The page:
Matt Bernius is a design researcher working to create more equitable government systems and experiences. He's currently a Principal User Researcher on Code for America's "GetCalFresh" program, helping people apply for SNAP food benefits in California. Prior to joining CfA, he worked at Measures for Justice and at Effective, a UX agency. Matt has an MA from the University of Chicago.


  1. Bravo!

  2. gVOR10 says:

    Indeed, thank you. The rest of the seceding states also offered declarations, very much like above. An honest study of Confederate history would be as valuable as it is unlikely. Perhaps to avoid charges of “woke”, instead of focusing on slavery we could look at just how bloody stupid succession was.

  3. SenyorDave says:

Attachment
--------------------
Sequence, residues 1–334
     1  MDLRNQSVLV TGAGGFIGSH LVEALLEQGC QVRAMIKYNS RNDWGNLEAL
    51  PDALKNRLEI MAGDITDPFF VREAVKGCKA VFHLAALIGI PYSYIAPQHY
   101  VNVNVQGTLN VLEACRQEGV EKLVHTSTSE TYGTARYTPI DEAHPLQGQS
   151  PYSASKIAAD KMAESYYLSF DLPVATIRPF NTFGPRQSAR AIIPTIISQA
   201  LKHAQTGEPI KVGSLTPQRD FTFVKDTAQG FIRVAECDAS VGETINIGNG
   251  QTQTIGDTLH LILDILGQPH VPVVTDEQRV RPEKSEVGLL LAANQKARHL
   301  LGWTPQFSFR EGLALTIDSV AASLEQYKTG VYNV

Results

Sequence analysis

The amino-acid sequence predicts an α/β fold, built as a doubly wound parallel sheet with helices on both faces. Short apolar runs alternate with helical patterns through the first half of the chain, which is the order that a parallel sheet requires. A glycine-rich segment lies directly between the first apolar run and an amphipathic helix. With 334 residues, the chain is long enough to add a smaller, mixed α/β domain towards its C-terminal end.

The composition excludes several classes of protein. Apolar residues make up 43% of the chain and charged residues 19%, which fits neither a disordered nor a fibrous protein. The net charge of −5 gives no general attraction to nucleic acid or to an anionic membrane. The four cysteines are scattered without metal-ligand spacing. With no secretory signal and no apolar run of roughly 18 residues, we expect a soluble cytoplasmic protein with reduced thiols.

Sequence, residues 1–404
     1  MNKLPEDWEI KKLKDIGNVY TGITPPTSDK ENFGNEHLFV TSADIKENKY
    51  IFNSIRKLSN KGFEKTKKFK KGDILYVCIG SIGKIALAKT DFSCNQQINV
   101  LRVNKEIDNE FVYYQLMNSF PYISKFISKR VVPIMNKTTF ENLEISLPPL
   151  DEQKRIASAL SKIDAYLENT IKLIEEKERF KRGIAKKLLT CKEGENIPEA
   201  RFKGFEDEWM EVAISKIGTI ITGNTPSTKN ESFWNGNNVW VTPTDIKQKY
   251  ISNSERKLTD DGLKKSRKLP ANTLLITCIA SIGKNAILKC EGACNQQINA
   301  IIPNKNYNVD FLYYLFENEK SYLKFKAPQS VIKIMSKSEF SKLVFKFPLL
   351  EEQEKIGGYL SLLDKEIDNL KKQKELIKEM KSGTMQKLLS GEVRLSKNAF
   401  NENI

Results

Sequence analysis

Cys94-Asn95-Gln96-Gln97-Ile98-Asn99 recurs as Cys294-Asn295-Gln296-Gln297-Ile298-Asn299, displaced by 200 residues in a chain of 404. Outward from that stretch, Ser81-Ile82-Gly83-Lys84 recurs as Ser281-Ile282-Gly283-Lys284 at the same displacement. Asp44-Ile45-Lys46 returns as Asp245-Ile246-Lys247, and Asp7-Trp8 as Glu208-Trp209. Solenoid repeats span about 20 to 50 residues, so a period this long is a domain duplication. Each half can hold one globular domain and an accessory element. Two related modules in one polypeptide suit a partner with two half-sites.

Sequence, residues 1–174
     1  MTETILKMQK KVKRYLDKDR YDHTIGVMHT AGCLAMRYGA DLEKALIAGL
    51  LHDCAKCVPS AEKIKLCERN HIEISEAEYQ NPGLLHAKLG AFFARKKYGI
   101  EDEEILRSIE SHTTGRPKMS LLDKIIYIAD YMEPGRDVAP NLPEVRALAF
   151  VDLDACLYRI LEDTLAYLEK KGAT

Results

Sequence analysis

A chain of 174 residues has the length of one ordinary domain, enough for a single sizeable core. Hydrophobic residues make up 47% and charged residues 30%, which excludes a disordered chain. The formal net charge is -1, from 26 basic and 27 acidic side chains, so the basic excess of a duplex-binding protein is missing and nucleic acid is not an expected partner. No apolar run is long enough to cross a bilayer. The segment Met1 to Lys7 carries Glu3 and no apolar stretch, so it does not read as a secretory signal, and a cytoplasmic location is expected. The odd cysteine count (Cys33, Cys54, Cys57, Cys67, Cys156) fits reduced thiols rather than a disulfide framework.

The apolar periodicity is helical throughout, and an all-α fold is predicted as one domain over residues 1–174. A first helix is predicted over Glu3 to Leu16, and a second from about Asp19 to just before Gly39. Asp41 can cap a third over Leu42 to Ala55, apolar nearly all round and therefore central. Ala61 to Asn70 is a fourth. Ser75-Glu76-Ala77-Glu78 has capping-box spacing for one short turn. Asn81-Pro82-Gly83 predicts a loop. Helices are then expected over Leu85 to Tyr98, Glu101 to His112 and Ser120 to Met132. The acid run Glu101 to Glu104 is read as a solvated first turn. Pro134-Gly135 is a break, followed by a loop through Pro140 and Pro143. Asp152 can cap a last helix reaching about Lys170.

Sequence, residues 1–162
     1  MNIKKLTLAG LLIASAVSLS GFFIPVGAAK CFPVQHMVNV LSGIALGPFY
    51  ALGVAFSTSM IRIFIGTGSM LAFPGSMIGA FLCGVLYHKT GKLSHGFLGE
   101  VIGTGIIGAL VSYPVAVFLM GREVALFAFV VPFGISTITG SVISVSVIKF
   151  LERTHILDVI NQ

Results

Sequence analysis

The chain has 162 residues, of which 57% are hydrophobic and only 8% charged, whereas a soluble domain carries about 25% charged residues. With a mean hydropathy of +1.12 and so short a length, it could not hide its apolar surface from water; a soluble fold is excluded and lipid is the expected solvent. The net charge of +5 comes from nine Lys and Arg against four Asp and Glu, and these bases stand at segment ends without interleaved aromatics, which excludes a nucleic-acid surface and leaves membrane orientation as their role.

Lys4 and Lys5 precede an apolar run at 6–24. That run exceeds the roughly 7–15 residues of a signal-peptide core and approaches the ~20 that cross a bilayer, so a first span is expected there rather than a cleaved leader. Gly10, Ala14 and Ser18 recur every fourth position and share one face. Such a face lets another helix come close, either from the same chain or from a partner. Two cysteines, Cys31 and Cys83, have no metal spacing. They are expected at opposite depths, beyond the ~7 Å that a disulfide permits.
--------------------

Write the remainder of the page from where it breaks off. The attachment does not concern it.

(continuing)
When put this way, I assume that some conservatives will grudgingly admit that slavery may have played at least a small part in Mississippi’s decision to secede from the Union.

  4. Michael Reynolds says:


    instead of focusing on slavery we could look at just how bloody stupid succession was.

    One of my dogs is an undersized pug. She is determined to get into a fight with a neighbor’s 100 pound Husky. Once Britain refused to come in on the side of the South, the Civil War was over. Now, if my pug could just get a superpower ally, say the big yellow Lab. . .

  5. Matt Bernius says:

    I have no idea where you get this idea that they seceded over slavery. I mean, I tried to carefully highlight most of the passages that had to do with State’s rights.

  6. CSK says:

    @Matt Bernius:

    The Declaration of Secession of South Carolina, which I believe was the first state to secede, made it clear that the only states’ right worth dying for was the right to own slaves.

  7. Matt Bernius says:

    To own what now?